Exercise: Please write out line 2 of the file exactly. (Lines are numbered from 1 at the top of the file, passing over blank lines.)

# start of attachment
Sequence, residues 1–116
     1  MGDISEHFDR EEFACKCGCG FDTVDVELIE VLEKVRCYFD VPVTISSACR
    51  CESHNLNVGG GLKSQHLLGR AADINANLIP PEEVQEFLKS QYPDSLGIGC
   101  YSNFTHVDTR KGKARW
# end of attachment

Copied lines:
     1  MGDISEHFDR EEFACKCGCG FDTVDVELIE VLEKVRCYFD VPVTISSACR